Thursday, March 17, 2005

I arrived at home last Tuesday with all the drawers opened, all our clothes on the floor, all the papers messed up in all the corners of the house and our window and terrace door forced-opened. They took my laptop, our numeric camera, my jewelleries, and some dollars. They also broke my printer. The policemen didn't find any trace of fingerprints or whatever.

Now, the question is, do they really have to put all those mess up? My, they don't have to dig around the house to take what they have taken! Now, I have job till this weekend to put back our house in order! Grrr!

*These little bastards took my dollars but had the kindness to leave me my Pesoses and Bahts.

Tax Me Not!

Posted by Analyse at 3:35 PM

Sunday, March 13, 2005

Every French household has surely got that inevitable black plastic envelope in their mailbox early this week, which, if you don’t pay much attention, could easily be mistaken as publicités (advertising magazines). I automatically junked it in the yellow bin last year thinking it was one of those weekly dose of publicité again - inspite of the big ‘Pas de Pub, SVP’ on our mailbox. Thanks goodness we could declare it by internet. This piece of technology really does wonders.

Since it will be my first ever tax declaration, I guess it’s just normal to know where my hard-earned money goes. And so I learned:

1. To reduce the public deficit - this year's deficit is estimated at ~15%. One budget allocation which most nationalistic Frenchies could rant about is the budget for EU aide. Let's take a classic example: agriculture. A farmer from East Europe got a financial aid from EU and bought a top-of-the-class tractor, saw his productivity growing, and sold potatoes in France. Logically, a french buyer will purchase the less expensive potato (from East Europe) rather than the quality-guaranteed French potatoes. Buy French! - ah, if you've got a tight budget, what would you do?

2. To support the growth and employment - Well, this is a good objective. I just hope they could stop those companies from packing their baggages and install somewhere else.

3. To act for social justice - Among others, the government promises to improve the buying power of the French population. They already started by lowering the prices of basic commodities...hmm, this is kinda delicate and should be balanced. It shouldn't push the industries to produce outside to be able to sell at lower prices in France.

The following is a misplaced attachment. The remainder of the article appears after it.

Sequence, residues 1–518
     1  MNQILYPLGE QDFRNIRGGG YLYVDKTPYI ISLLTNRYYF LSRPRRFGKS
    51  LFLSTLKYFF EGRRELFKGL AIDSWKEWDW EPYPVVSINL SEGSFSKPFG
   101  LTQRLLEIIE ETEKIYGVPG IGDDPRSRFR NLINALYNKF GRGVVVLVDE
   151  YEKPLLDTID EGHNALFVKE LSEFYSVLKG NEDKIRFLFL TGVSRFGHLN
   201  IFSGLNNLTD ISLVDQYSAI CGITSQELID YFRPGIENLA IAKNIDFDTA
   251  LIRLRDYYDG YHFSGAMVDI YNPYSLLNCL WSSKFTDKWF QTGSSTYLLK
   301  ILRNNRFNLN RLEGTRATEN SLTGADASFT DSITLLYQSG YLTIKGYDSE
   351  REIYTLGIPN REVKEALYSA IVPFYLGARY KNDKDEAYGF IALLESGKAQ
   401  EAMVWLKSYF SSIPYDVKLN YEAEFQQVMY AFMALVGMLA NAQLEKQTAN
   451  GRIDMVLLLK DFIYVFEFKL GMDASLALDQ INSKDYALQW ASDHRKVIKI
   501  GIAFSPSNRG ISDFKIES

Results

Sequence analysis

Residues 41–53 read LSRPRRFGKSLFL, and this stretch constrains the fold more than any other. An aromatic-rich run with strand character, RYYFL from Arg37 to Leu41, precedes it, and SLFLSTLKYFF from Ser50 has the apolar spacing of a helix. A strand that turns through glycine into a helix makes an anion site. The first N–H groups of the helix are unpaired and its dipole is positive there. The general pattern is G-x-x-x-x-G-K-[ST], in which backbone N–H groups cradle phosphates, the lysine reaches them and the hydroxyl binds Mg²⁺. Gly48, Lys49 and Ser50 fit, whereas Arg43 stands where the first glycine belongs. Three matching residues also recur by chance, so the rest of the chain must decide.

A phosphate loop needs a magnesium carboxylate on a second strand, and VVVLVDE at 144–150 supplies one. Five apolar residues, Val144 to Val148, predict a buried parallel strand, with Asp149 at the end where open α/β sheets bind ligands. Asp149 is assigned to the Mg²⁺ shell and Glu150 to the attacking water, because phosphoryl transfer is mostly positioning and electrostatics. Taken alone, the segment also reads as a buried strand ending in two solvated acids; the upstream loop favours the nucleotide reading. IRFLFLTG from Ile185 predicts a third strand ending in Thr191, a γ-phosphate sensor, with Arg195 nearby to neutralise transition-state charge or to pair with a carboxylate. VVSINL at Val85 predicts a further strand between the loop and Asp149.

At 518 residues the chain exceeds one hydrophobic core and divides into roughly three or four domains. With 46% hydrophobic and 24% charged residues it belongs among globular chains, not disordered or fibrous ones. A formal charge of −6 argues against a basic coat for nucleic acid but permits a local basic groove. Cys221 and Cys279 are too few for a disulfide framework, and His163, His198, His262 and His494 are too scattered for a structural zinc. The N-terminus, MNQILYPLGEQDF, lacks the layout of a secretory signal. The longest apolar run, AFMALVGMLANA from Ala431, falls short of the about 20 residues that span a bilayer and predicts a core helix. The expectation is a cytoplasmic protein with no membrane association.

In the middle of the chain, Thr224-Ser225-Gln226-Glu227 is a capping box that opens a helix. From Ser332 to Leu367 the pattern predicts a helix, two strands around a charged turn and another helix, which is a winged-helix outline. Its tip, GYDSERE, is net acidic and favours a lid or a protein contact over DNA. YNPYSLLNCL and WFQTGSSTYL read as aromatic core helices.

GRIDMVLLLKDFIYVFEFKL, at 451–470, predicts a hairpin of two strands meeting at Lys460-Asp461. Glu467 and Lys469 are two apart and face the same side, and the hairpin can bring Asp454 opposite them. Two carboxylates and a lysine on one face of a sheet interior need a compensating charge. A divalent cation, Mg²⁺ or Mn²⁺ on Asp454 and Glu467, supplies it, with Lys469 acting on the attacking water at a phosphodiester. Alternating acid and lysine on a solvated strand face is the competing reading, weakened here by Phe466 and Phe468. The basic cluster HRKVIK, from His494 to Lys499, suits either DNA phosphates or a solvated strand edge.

4. To ensure the financing of different priorities - On top of the list is RESEARCH. Two thumbs up! This step would ensure long-term solution, profit-generating activity, work for the population, and competitiveness vis-à-vis the international community. Isn't that great?

So where in the world do they get their budget to finance all these?

In fact, the biggest source of government income is the mighty VAT which represents ~42% of the total income. And why not, they tax 19.6% at a normal rate - the fifth highest in Europe - and 5.5% at a reduced rate.

Here’s Europe’s VAT ranking:

1. Sweden, Hungary and Denmark at 25%
2. Poland and Finland at 22%
3. Ireland and Belgium at 21%
4. Slovenia, Italy and Austria at 20%
5. France at 19.6%

And who would resist, everything is impeccable and inviting to encourage higher consumption, thus bloating the VAT fund. Tourism alone gets a good share of tax collection! I haven’t even talked about cigarettes…

The second biggest source is – hold your breath – tax on revenue (18%)! Surprised? Nope, not really. Now, take a plunge on these numbers and feel the weight of each percentage.

less than 4,334€ = 0%
4,335€ - 8,524€ = 6.83%
8,525€ - 15,004€ = 19.14%
15,005€ - 24,294€ = 28.26%
24,295€ - 39,529€ = 37.38%
39,530€ - 48,747€ = 42.62%
more than 48 747€ = 48.09%

No effect? Then try this: tax calculator

Now, here’s the lighter side, you get 20€ incentive if you declare it by internet, and what more is that, you get a longer deadline. I guess younger generations will opt for this solution, but not the older ones. They would rather do it the traditional way rather than ‘publish’ their bank account numbers on the net (even if the site promises security!)

Nouveauté? Audiovisual Tax will be equally declared on this formulaire. Yes, they pay to have a glimpse of what is happening in France and around the world. But hey, I’m wondering how much percentage of the population really pays this tax. Hehe, there’s no way out now, you French magouilleurs!

Another nouveauté? The fiscal rights for those who are bonded by PACS (or legal partners) are now aligned as to married couples (before, we had to wait 3 long years before we could have a common tax declaration (we are on our 2nd year)– that is to prevent fake marriages). Yehey! That would mean one year tax savings!

Most of the French population will surely disagree with me, but in all honesty, I'm generally satisfied with what the government does with my money. I'm worry-free! I don't have to worry if I get sick, if I get laid off, if I give birth, if I retire, not even for my future children's education and health. Pourvu que ça dure! (Let's hope it lasts!). These frenchies just don't realize the luck that they have. As Maxime Le Forestier wanted to convey in one of his songs: